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Felix Rodriguez de la Fuente
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Animal Expert
    (March 14, 1928-March 14, 1980)
    Born in Burgos, Spain
    Spanish naturalist, broadcaster, and environmentalist
    Advanced the zoology field in the study of wolves and falconry
    Host of the popular television nature documentary series, 'El Hombre y la Tierra' (1975–1980)
    Also hosted 'Vida Salvaje' and 'Planeta Azul'
    Wrote 'Fauna Ibérica: los Animales Cazadores' and 'El Lobo'
    Died flying over Alaska, after shooting footage for a documentary about the Iditarod Trail Sled Dog Race, after his Cessna 185 aircraft crashed, killing all crew members on board (March 14, 1980)
    Namesake for the Rodríguez de la Fuente Foundation founded in his honor, by his children, in 2004
    He was basically Spain's answer to Jacques Cousteau (their respective cult followings continue to play up a rivalry online).
    He was actually terrified of wolves as a kid.
    He eventually adopted two Spanish mountain wolf cubs which he named Sibila and Remo.
    He claimed to have developed an interest in falconry after he caught sight of a hawk preying on a duck, one summer.
    He worked as a dentist before making a name for himself as a documentarian.
    His early career was bankrolled by the King of Saudi Arabia (an avid falconist, he financed Fuente's first documentary in exchange for trained birds).
    He is a household name in his home country of Spain, but not so much elsewhere.
    He inspired a corny tribute song sung by Spain's answer to Donny & Marie (Enrique y Ana).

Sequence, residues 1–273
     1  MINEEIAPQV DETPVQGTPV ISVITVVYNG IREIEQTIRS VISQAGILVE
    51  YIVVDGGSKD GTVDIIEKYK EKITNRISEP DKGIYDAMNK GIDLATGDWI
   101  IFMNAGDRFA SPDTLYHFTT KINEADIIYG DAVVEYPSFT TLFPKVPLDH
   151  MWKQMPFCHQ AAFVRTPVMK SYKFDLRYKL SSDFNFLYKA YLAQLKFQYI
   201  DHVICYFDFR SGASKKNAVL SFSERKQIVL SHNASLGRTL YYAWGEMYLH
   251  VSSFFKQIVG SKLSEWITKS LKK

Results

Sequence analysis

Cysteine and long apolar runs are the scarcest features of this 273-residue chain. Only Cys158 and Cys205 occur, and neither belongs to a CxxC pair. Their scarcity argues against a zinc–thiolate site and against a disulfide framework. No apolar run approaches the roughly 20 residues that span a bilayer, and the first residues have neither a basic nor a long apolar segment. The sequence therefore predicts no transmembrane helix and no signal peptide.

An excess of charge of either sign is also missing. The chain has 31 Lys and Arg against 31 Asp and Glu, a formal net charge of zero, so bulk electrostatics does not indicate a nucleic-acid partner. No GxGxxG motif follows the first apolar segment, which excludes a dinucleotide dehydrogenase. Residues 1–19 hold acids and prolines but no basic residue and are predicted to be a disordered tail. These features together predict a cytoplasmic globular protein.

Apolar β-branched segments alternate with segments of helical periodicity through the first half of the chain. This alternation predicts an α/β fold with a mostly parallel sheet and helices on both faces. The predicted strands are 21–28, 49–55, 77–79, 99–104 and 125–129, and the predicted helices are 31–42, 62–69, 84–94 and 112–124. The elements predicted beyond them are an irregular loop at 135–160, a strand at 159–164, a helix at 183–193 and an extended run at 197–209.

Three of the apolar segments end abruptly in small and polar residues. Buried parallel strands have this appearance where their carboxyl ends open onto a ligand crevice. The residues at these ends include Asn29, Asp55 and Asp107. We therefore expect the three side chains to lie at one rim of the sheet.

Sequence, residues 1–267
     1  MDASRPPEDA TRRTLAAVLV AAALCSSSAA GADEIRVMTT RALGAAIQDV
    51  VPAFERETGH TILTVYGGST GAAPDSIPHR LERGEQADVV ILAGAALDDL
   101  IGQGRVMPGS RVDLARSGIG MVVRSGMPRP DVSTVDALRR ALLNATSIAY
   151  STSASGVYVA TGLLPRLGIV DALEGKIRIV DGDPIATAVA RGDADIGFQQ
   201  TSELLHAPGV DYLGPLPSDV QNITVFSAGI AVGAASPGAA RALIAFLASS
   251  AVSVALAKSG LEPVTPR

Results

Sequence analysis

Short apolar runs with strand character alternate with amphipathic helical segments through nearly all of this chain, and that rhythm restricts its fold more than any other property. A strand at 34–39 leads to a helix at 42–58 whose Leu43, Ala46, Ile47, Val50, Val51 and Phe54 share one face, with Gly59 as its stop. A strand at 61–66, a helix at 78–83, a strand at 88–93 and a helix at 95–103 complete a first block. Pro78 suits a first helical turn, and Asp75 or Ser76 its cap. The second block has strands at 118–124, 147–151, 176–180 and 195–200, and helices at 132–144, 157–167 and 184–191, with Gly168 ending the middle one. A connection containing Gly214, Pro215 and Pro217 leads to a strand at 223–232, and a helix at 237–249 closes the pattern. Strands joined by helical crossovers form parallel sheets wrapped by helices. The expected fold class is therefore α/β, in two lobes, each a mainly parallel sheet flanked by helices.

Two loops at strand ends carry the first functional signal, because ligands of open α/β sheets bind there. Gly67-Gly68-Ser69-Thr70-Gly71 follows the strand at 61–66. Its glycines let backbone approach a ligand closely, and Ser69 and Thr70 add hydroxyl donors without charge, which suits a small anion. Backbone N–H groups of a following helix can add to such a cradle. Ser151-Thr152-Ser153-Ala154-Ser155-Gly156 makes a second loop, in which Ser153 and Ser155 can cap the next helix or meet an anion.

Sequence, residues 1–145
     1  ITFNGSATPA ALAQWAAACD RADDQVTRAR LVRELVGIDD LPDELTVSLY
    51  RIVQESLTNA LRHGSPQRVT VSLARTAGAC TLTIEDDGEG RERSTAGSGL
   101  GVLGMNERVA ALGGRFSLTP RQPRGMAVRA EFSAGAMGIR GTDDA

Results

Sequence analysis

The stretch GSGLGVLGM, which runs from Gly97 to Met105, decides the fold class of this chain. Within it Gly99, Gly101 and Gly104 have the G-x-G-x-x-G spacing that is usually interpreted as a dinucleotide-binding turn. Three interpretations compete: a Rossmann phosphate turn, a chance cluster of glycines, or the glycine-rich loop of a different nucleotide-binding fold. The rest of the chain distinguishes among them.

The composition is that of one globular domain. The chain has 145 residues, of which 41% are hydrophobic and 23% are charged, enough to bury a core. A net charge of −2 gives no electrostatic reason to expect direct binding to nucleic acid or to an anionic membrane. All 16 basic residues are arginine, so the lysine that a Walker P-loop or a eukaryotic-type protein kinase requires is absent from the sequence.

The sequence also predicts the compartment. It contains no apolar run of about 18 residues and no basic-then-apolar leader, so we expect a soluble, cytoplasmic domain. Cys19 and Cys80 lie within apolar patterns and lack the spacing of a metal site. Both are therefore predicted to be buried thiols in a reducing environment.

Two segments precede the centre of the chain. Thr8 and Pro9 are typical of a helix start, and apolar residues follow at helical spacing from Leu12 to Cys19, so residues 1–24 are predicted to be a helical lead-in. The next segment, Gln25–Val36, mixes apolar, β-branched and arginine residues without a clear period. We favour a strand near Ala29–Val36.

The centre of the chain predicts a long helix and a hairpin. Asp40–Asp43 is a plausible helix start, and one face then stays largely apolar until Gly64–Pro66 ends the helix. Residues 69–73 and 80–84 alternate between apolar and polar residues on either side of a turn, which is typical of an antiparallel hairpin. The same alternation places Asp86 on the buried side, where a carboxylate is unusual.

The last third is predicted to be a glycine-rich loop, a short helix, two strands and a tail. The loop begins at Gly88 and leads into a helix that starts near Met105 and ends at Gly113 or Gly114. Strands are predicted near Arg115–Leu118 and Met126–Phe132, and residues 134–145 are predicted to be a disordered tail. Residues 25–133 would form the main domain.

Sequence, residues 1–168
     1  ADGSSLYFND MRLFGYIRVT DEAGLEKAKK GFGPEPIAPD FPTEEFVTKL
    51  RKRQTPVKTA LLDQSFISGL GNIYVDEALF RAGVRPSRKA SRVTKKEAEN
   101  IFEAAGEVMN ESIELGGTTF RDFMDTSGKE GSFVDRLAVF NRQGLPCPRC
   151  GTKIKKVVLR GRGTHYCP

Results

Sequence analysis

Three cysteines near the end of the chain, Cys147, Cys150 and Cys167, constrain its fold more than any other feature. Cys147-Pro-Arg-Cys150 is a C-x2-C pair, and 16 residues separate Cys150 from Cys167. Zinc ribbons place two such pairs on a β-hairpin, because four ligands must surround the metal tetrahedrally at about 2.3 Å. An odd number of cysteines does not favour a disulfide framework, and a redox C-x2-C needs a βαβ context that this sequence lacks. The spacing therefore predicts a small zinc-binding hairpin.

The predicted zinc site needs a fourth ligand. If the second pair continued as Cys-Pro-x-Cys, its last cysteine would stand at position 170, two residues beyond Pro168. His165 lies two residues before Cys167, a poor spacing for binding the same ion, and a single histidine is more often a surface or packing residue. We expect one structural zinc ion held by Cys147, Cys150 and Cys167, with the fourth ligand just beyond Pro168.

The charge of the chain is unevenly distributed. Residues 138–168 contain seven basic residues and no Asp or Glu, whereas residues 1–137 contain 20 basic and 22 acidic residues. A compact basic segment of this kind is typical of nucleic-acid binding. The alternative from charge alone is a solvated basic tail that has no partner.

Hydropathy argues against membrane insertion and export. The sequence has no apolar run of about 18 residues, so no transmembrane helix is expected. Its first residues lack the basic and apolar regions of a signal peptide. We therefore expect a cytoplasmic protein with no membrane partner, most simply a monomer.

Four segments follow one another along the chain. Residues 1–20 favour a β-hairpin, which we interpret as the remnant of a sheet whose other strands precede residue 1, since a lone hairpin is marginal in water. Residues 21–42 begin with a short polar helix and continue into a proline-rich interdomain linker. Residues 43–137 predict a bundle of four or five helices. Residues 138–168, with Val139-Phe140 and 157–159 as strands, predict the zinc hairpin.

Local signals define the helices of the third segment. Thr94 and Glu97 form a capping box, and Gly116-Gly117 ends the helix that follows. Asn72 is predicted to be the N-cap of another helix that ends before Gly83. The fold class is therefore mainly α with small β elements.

He reportedly commented, before boarding his associate's aircraft for his ill-fated flight out of Alaska, 'what a beautiful spot to die!'
    He was buried in his hometown cemetery but his widow requested that his remains be exhumed and transferred to Burgos cemetery (the transfer was made at night to avoid an uproar from residents).
    His research so drastically shifted the narrative about the perception of wolves that a study which revealed 9 in 10 of schoolchildren who read Little Red Riding also preferred a redemptive end for the wolf, is attributed to his work in the field.
    He was called 'the Spanish Jack London.'
    He was one of the signatories of the founding charter of the Spanish Ornithological Society (1954).
    He served as an expedition guide and photographer on safaris in Africa.
    He was influenced by Teilhard de Chardin, Remy Chauvin, and (appropriately) Jack London.
    'El Hombre y la Tierra' was honored at the Monte Carlo Television Festival.
    He raised his pet wolves in a semi-wild fenced estate (filming them to gain a better understanding of their habitat).
    He revolutionized naturalist documentary film in that he shot animal behavior not only as it happened, but also managed to make the footage visually appealing.
    He was crucial towards the raising of public awareness regarding the endangerment of the Iberian Wolf, Brown Bear, Lynx, Golden Eagle, and Imperial Eagle - all of whom are now protected by law.
    There are more than sixty monuments to his memory throughout Spain; the most impressive of which is probably the pantheon at his San Jose grave site in Burgos.
    His death sent shockwaves through his home country (the streets would allegedly empty whenever his show came on).

Credit: BoyWiththeGreenHair

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